Raed Athamneh is a six-time war survivor, patriarch and trusted news fixer to foreign reporters covering Gaza.
As he gives aid workers and journalists tours, he is the one who actually talks to the people, and translates the story of their fate to the foreigners eagerly recoding, writing, filming, the tragedy that Gaza has become.
His colleague, photojournalist George Azar, has witnessed Gaza's trauma in extreme close-up and through his observational filming of Raed himself, as well as over nine years of friendship.
He captures the defining moments of Raed's life - destruction, endurance, humour and unimaginable loss - with remarkable intimacy.
In an ongoing chronicle of Raed's life, Israel's 2014 war on the Gaza Strip leaves the family reeling, and Raed struggling to imagine the future.
By Mariam Shahin
|Gaza Fixer Raed Athamneh in 2005
I first visited Gaza in 1991, a few months after Palestinians and Israelis began peace talks. Unlike other parts of Palestine occupied in 1967, it was a vast coastal society with vibrant communities of farmers, fishermen and semi-nomadic herders; all of whom were dominated by wealthy and an almost feudal urban and merchant class.
I met Raed Athamneh soon after my first visit. He became my guide, driver, fixer - and eventually my friend. He was from the border town of Beit Hanoun, adjacent to the Erez crossing point. When we first met, there was only a signpost to mark the crossing point. Today it is sealed by a wall and a military fortress.
Raed told me personal stories of the first Intifada, which was just coming to an end. He had been among the stone throwers and slingshot provocateurs who eventually forced Israel to negotiate for peace with the PLO.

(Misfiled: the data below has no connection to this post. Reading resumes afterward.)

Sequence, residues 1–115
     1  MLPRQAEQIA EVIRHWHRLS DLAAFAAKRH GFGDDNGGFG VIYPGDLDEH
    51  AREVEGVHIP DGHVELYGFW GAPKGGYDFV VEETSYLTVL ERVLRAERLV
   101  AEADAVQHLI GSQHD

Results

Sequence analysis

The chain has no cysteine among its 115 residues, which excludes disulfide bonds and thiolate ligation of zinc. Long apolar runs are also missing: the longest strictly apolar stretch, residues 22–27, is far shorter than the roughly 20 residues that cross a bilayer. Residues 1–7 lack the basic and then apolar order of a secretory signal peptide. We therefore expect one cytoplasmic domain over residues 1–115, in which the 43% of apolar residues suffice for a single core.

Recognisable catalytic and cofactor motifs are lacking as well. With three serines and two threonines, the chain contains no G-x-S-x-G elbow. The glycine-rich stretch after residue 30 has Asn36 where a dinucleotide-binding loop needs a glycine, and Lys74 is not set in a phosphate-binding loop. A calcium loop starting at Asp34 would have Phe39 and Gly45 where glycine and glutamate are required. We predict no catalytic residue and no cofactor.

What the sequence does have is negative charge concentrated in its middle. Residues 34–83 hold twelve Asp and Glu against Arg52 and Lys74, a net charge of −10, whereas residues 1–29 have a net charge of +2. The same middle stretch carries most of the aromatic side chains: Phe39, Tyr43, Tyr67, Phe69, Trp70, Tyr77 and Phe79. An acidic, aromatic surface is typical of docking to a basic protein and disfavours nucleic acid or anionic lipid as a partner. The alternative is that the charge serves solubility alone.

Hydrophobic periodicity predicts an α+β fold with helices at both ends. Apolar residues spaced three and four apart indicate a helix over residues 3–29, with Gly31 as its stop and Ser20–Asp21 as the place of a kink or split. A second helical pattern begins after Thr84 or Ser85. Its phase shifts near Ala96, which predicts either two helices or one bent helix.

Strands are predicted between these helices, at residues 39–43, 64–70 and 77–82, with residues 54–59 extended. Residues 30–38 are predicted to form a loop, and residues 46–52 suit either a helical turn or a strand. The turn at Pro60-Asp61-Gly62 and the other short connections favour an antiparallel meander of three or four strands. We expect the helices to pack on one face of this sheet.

By 1993, he was looking forward to the end of the occupation and towards a new and better life. He became a young father and named his first son Saddam to honor the Iraqi leader who had shot scuds at Israel. Sadly, Saddam Athamneh died in infancy from lack of medical attention during week-long Israeli curfews.
Raed's father, Majid, had been a taxi driver who taught Raed to drive when he was only 12 years old. Like no other driver/fixer/guide, Raed knew every inch of Gaza. It was only natural that I recommended him to my partner, photographer George Azar.
Raed is a big personality, almost larger than life. He took George to photograph some of the most remote and beautiful places in the Gaza Strip. By 2005, George and I moved to Gaza, expecting the Israeli withdrawal during that summer to bring freedom for Gaza.
Raed was a part of every assignment we undertook and we saw him daily. We learned more and more about Gaza through the prism of Raed's photographic memory and intrinsic knowledge of the 5,000 year-old city.
They targeted each and every Palestinian .... No stone, no tree, not even the house of God is safe from them. No one is safe from this occupation.
The 2006 massacre of 18 members of Raed's family came unexpectedly, as massacres usually do. We were finishing off a film about Palestinian political prisoners when George witnessed the immediate aftermath and horror that had befallen the Athamneh family. This was how the film, Gaza Fixer, was born.
Since then, our emotional ties and feeling of responsibility towards Raed have grown incrementally and our proudest moment came when George and the Gaza Fixer were selected as finalists in the 2007 Rory Peck Awards.
Then another war came.
For nine days during the 2008/2009 war on Gaza, I lost all contact with Raed. His phone was not working and I had no way of reaching him. We feared the worst.
Then, on the 10th day of the Israeli onslaught, he answered the phone, speaking vaguely and with exhaustion after being forced to leave his home with his relatives.
The fate of Raed and his family during that war became the Gaza Fixer II film.
When we first contemplated making the film this time around, we were wary of the prospect of viewer exhaustion with a story full of tragedies. But Raed's life is much more than a series of devastating events; it is a brilliant example of perseverance and tenacity. The will to continue surviving, against all odds, is one that is inspiring.
Indeed Gaza Fixer: A Chronicle of Survival, does not document the last and final chapter of the life of Raed and his family, it celebrates their survival.
Source: Al Jazeera